Scientists Getting Worried About Endangered Whale

No newborn right whales seen as calving season peaks
By Newser Editors and Wire Services
Posted Jan 18, 2018 7:19 PM CST
Scientists Getting Worried About Endangered Whale
This Oct. 11, 2017 file photo shows a Southern right whale breach in El Doradillo Beach, Patagonia, Argentina.   (AP Photo/Maxi Jonas, File)

Scientists have yet to spot a single newborn right whale off the Southeast US coast seven weeks into the endangered species' calving season, the AP reports. It's the longest researchers have gone without a calf sighting since comprehensive surveys started in 1989.

Scientists say only about 450 North American right whales remain. They typically migrate to waters off Georgia and Florida to give birth between December and April. Clay George is a biologist who monitors right whales for the Georgia Department of Natural Resources. He says he's concerned because mid-January is typically the peak of the calving season. Five births recorded last year were the lowest since 2000. It's possible bad weather is to blame rather than a reproductive slump. Windy, cloudy conditions have frequently kept planes from searching for whales this season.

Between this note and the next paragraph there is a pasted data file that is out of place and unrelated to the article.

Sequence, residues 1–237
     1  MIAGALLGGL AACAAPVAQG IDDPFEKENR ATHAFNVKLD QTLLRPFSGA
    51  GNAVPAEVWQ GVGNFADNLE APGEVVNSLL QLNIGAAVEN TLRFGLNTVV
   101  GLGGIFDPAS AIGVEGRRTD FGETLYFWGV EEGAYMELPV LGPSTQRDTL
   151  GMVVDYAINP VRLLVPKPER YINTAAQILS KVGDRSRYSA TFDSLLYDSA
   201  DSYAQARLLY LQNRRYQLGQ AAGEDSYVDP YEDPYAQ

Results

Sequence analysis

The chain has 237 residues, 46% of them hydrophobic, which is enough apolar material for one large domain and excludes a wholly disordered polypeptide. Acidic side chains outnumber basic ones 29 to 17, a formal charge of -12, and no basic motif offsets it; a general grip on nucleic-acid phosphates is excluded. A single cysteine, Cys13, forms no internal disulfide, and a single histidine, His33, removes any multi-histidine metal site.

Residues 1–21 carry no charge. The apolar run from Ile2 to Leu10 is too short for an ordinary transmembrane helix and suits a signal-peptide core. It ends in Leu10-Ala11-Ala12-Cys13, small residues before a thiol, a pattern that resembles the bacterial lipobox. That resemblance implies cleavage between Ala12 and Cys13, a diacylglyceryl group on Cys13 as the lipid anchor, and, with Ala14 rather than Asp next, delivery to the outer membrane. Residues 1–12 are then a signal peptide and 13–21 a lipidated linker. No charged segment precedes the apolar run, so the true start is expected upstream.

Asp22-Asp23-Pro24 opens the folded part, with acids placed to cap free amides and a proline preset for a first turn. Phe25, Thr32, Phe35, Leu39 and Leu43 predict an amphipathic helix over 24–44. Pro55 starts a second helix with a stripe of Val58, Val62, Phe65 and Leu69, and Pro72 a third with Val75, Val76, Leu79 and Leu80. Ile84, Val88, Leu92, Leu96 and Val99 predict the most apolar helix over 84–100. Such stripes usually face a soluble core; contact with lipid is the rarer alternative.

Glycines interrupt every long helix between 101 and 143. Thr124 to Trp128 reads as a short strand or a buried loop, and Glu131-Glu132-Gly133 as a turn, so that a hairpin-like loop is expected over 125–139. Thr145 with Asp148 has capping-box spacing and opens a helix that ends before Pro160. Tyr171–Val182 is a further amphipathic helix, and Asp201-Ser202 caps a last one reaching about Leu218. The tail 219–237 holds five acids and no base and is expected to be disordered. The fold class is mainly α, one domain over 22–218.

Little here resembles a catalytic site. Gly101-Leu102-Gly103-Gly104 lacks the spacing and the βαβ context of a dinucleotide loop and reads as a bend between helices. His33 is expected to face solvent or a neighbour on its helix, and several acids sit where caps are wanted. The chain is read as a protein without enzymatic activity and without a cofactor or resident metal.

(More whales stories.)

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